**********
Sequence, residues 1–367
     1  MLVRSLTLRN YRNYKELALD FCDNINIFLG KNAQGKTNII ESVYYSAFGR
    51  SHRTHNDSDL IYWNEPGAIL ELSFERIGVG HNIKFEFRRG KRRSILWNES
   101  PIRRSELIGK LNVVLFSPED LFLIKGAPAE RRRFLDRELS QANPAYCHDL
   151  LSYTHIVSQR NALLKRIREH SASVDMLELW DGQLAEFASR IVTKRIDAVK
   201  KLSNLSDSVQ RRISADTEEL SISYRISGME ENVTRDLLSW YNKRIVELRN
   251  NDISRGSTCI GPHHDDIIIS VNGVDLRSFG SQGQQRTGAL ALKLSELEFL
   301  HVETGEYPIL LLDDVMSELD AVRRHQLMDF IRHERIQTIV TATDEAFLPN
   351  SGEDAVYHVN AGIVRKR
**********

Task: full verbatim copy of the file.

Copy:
Sequence, residues 1–367
     1  MLVRSLTLRN YRNYKELALD FCDNINIFLG KNAQGKTNII ESVYYSAFGR
    51  SHRTHNDSDL IYWNEPGAIL ELSFERIGVG HNIKFEFRRG KRRSILWNES
   101  PIRRSELIGK LNVVLFSPED LFLIKGAPAE RRRFLDRELS QANPAYCHDL
   151  LSYTHIVSQR NALLKRIREH SASVDMLELW DGQLAEFASR IVTKRIDAVK
   201  KLSNLSDSVQ RRISADTEEL SISYRISGME ENVTRDLLSW YNKRIVELRN
   251  NDISRGSTCI GPHHDDIIIS VNGVDLRSFG SQGQQRTGAL ALKLSELEFL
   301  HVETGEYPIL LLDDVMSELD AVRRHQLMDF IRHERIQTIV TATDEAFLPN
   351  SGEDAVYHVN AGIVRKR